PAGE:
Recently, researchers have shown an increased interest on irisin, a myokine primarily secreted by skeletal muscle, involved in bone, adipose tissue and brain homeostasis. In detail, in young mice irisin injection mimicked the effects of exercise by increasing cortical bone mass and strength [11]. In hindlimb unloaded mice, intermittent administration of irisin prevented bone loss [12]. Interestingly, the myokine is also known to determine the browning of white adipose tissue [13] and to work as an adipokine as it is secreted by the same tissue [14]. Additionally, it has also been reported that irisin may have an effect on certain brain functions, and consequently it is involved in cognitive impairment and in neurodegenerative disease [15, 16]. These issues prompted some authors to evaluate irisin levels in adult PWS patients. In detail, Hirsch et al. found increased amounts of salivary irisin in obese PWS with respect to non-obese controls, whereas the plasma levels of irisin did not change significantly between the two groups [17, 18]. Recently, Mai et al. also reported that PWS patients and controls have similar circulating irisin levels [19]. The present study was finalized to explore circulating levels of irisin in children and adult PWS patients in relation to the genetic background, metabolic profile, cognitive impairment and bone status.

Materials and methods

Patients

Seventy-eight subjects with PWS, 26 children (15 females, mean age 9.48 ± 3.6 years) and 52 adults (30 females, mean age 30.6 ± 10.7) were included in this study. All patients showed the typical PWS clinical phenotype [20]. Genetic investigation was performed in all PWS patients, and 48 of them had DEL15 (32 adults and 16 children), while UPD15 was found in the remaining individuals (20 adults and 10 children).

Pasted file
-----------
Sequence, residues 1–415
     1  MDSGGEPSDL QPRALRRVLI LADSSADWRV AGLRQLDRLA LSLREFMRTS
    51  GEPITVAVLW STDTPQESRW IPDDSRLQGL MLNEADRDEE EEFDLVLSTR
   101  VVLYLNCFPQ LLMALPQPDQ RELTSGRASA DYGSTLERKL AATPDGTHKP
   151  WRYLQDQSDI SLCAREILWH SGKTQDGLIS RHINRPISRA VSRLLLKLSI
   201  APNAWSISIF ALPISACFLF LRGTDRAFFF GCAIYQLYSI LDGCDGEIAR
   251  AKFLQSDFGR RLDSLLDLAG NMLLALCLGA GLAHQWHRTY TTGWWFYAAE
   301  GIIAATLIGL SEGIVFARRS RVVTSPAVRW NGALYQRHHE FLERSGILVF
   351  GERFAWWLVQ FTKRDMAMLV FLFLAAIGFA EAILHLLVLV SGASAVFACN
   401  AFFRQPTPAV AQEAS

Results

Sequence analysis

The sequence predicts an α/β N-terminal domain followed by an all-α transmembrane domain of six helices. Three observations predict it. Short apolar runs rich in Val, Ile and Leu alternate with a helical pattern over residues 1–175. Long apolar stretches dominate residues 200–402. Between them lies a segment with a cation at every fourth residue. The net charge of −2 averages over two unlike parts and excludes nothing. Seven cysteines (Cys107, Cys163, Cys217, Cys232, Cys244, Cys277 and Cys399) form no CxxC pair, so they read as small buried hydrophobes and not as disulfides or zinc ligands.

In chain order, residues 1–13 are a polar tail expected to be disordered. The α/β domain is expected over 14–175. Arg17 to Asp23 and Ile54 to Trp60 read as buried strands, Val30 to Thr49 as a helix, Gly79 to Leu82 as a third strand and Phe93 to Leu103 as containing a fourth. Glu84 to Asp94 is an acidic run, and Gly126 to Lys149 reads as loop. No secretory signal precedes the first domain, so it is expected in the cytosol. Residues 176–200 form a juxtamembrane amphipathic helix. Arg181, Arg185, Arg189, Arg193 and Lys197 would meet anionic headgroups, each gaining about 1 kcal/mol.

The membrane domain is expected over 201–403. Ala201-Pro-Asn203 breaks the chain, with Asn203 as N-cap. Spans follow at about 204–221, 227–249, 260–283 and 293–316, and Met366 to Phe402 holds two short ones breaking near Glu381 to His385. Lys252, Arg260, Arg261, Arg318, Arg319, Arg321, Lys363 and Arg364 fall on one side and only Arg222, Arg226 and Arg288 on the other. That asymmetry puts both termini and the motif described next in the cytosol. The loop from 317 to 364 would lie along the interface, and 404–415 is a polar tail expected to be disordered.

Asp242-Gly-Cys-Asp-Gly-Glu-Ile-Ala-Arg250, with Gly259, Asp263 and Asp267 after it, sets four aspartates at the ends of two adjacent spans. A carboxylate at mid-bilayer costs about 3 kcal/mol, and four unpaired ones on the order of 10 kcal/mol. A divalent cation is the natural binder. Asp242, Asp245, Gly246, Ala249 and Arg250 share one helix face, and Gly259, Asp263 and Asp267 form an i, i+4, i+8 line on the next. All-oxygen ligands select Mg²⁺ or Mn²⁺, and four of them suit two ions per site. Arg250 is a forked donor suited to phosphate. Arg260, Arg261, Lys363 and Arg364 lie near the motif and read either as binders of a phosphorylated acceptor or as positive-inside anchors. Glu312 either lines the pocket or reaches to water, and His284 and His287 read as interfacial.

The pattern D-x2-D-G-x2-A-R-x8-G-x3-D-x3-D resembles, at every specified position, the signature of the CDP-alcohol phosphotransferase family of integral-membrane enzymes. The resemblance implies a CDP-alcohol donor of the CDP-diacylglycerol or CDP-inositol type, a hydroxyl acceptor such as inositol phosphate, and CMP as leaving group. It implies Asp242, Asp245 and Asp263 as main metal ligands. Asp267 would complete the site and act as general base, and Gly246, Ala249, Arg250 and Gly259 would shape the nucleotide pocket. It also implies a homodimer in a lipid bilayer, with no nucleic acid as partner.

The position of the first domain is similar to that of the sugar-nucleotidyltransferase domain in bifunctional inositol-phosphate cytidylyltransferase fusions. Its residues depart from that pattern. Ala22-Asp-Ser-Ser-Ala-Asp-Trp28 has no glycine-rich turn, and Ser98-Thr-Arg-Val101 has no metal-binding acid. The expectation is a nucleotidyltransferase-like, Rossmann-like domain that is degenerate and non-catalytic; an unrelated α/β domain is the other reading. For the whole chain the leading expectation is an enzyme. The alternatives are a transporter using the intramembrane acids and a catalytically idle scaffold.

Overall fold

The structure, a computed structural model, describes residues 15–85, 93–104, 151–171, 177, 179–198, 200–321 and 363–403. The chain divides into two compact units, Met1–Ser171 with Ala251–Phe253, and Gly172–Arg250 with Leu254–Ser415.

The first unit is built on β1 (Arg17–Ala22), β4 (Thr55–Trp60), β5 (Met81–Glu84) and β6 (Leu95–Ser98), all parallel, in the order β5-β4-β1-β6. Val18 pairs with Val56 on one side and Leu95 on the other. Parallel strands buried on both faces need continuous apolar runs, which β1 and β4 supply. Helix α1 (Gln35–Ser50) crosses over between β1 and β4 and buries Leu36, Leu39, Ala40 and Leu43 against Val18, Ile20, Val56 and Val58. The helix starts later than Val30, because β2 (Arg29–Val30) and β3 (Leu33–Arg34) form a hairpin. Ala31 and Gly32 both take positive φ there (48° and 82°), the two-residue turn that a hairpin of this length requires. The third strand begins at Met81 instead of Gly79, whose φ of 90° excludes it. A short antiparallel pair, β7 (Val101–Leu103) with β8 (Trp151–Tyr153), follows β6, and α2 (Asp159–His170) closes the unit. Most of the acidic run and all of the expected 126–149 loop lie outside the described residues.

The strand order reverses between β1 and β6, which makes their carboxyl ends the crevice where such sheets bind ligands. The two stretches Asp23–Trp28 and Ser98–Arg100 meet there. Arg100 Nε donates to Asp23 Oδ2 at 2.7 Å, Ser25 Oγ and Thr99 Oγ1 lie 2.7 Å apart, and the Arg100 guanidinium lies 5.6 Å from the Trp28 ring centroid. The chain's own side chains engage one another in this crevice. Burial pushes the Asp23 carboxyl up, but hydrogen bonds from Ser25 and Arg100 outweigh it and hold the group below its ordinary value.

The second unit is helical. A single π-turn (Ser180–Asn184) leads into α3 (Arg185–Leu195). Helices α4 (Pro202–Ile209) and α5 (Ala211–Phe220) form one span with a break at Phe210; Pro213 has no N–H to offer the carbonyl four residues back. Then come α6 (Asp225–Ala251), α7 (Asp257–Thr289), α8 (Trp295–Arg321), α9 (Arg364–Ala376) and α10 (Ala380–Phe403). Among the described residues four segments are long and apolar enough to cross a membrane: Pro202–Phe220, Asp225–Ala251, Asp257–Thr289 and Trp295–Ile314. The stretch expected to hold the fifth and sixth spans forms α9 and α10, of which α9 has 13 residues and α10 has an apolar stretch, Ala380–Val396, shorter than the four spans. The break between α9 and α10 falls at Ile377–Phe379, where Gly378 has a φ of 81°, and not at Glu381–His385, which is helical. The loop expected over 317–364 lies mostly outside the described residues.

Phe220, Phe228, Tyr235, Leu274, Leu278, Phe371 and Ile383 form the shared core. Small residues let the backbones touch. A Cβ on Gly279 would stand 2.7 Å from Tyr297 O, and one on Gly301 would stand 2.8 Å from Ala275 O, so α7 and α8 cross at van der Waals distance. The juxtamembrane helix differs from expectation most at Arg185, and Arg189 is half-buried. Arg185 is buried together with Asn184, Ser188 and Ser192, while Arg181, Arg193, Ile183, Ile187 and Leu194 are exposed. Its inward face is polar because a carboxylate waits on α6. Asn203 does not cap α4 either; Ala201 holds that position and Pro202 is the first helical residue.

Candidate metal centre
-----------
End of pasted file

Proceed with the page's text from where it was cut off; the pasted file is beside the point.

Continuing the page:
All PWS children were on growth hormone (GH) treatment from at least 12 months, at a dosage ranging from 0.025 to 0.035 mg/kg/day. Among PWS adults, 6 out of the 52 subjects presented a severe degree of GHD, according to a GH response to GHRH plus arginine less than 4.2 ng/ml [21], and received GH therapy at a mean dose of 0.23 mg/day. At all ages, the GH dose was adjusted to maintain serum total IGF-I within 2 SD from an age-matched reference value to avoid overdosing. At the time of the study, 10 females and 1 male underwent sex steroid replacement treatment.

As controls, we evaluated a group of 26 children (17 females, mean age 9.4 ± 3.29 years), referred to our hospital for minor surgery or electrocardiographic screening, and 54 normal weight adults (26 females, mean age 36.5 ± 12.5 years) enrolled on a voluntary basis.

PWS and control children performed an average of 2 h per week of school sports, whereas adult PWS and controls about 3 h per week. Four out of 26 PWS children (15%) and 26 out of 52 PWS adults (50%) were on vitamin D supplementation at the moment of the study [cholecalciferol mean dosage: children 500 UI/daily (12.5 mcg/daily); adults 800 UI/daily (20 mcg/daily)].

Exclusion criteria from the study for both patients and controls were the use of mineral and vitamin supplements, except for vitamin D, the presence of chronic diseases with a possible impact on bone metabolism (e.g., hypothyroidism or hyperthyroidism, Cushing’s syndrome, celiac disease, anorexia nervosa, etc.), the use of medications affecting bone turnover, e.g., corticosteroids, and fractures in 6 months preceding the study. Five adult PWS patients had a history of previous post-traumatic fractures at different sites (ankle, ulna, radio, malleolus, fibula, and phalanges). None of the PWS pediatric patients experienced fractures.